Alison Oddey is a Professor of Visual Culture & Contemporary Performance at the University of Derby in England. She is an accomplished writer, publisher, educator, and artist. One of her recent projects called A Gift for Eleonora, which she wrote and performs in, is a contemporary installation performance piece focusing on Eleonora di Toledo de’ Medici.
Eleonora married into the Medici Dynasty and was the first Duchess of Florence during the Renaissance. I had the distinct pleasure of meeting Professor Oddey when she attended The Medici Dynasty Show. She was kind enough to speak with me further about her artistic projects.
How did you become familiar with Eleonora di Toledo?
I applied for an opportunity I saw for artists to make a piece of work in Florence at one of a number of cultural heritage sites. The idea was exciting because I love Florence and Italy. I originally put forward a proposal for the cultural value of art and its relationship to health and well-being. Specifically the project would be linked to the citizens of Florence. The title was [originally] something like ‘Urban Laboratory’. The idea was that people of the city would come to the laboratory. [The proposal] was accepted. When I got the news that it had been accepted, the director of the project said to me that she thought that out of the available spaces, that I should think about [doing the project] in Palazzo Vecchio in Eleonora’s apartments. I said ‘Eleonora who?’, I didn’t know who she was. So that was a starting point because I had the piece accepted, but I started researching [Eleonora di Toledo]. I went to visit her apartments and particularly the chapel blew me away, it is fantastic! I had a number of conversations with the director and I realized the chapel would be too small [for my piece]. When I visited the apartments and discussed with the director, we felt that the furniture in the apartments aren’t really reflective of Eleonora. Eventually I looked at the Cappella dei Pazzi in the Basilica di Santa Croce, and that is where I [ended up] performing [my piece] last May. In the end I decided to do this as a performance because I was so fascinated and moved by Eleonora. Knowing the site of the Cappella dei Pazzi, it seemed obvious [to me] to do a performance [there] rather than an installation.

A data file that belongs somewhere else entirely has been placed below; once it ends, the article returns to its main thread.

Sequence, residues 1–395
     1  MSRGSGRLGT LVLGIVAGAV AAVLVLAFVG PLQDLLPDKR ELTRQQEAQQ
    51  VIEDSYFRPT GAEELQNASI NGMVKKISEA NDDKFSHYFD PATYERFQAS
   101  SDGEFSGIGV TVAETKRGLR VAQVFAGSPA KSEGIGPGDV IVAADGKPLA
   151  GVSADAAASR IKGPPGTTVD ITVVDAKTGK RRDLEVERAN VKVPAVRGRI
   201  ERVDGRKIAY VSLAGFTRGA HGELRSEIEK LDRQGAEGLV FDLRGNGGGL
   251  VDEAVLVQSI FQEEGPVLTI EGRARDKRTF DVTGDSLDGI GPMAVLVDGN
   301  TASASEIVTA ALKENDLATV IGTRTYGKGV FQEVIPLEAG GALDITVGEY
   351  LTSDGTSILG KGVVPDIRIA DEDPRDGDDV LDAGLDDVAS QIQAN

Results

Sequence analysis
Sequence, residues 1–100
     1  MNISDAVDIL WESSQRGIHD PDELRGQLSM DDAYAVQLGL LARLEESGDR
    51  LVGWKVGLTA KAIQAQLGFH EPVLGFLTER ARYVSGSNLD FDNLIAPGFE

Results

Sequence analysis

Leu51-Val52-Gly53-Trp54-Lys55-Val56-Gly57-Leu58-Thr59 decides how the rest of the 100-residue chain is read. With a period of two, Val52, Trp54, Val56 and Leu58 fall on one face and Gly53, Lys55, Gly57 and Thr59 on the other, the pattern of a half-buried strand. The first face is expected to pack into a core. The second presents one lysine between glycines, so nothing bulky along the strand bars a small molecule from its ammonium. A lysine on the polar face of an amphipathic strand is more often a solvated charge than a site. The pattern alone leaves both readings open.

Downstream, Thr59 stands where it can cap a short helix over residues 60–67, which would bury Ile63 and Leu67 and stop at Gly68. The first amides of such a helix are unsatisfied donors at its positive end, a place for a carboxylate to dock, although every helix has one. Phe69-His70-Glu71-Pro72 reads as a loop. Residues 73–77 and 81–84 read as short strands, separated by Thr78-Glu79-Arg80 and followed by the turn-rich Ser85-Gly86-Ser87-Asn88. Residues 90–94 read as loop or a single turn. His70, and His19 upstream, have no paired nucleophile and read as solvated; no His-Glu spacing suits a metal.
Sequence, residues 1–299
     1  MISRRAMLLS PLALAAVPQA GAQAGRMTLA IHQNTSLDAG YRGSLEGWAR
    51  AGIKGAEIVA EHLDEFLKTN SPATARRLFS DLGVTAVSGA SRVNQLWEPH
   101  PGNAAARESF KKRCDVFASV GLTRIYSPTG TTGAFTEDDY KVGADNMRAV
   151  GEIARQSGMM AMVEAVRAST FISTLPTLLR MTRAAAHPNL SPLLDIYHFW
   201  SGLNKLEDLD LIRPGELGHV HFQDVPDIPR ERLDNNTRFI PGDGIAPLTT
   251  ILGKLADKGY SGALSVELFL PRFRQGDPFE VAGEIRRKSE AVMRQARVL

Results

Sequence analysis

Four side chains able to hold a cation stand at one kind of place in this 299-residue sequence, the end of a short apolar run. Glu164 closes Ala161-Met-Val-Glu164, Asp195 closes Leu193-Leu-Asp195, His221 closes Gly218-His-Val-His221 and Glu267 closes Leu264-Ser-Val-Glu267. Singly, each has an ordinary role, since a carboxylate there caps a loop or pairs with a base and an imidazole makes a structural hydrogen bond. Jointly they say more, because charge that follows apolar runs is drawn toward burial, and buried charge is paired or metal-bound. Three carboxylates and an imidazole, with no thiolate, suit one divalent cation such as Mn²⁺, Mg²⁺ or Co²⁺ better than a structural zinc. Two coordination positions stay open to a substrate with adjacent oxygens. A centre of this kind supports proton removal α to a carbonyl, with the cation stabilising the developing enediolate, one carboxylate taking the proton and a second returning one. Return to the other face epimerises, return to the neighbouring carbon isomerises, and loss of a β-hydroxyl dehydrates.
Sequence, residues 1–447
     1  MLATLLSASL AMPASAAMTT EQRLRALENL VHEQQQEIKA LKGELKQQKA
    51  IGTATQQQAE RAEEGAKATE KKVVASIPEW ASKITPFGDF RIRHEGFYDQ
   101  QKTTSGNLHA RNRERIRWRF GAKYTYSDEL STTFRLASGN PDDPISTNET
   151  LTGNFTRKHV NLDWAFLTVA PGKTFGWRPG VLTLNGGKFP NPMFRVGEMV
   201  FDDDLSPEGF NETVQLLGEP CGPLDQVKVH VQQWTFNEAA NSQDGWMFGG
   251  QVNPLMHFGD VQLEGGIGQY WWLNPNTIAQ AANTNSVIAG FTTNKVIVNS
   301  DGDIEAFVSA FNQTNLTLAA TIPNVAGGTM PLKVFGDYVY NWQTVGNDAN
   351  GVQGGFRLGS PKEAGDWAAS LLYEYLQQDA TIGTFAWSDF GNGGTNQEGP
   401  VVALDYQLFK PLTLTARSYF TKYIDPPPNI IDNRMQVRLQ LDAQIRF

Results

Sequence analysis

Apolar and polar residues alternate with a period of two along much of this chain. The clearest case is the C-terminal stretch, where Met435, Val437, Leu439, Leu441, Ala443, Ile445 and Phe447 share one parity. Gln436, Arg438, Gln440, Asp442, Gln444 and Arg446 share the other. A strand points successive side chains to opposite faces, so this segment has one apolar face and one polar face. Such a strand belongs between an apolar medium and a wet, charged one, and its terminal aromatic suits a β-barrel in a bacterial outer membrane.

Can you tell me more about the process of creating A Gift for Eleonora?
I did lots of research, all different types. My background is in devising. I published my first book in 1994 called Devising Theatre, [which] still sells today. I have written seven books. Devising theatre was my passion very early on and it is still part of my being, but I no longer work the way that I did years ago. I have moved more into contemporary performance. Devising is about going on a journey of creativity; going in one direction, which [often] leads to a different path, I like to work that way. There are times where I think ‘how am I going to make this work?’, but that is part of the challenge and excitement of it.
There were four starting points for [A Gift for Eleonora]. The first was the bronzino portrait of Eleonora with her son Giovanni done in 1545. The second was the funeral dress of Eleonora that is in the Galleria del Costume in Palazzo Pitti. The third was the site itself, the Cappella dei Pazzi with the fantastic terracotta ceramics by Luca della Robbia. The fourth was the early madrigal form of Renaissance music.
I invited two people to collaborate with me. [One was] Christine White who is also a Professor of Art & Design at the University of Derby. [For the purpose of the show], she specialized in the design and production. We have worked together over many years, and written books together. The other was the Saxophonist who plays the music for the show. I asked him to listen to the music [from the era of Eleonora] and also to think about how to make Renaissance music contemporary. He is very talented and plays the Saxophone professionally. I also [happen to] play the Saxophone and my favorite contemporary Saxophonist is Jan Garbarek.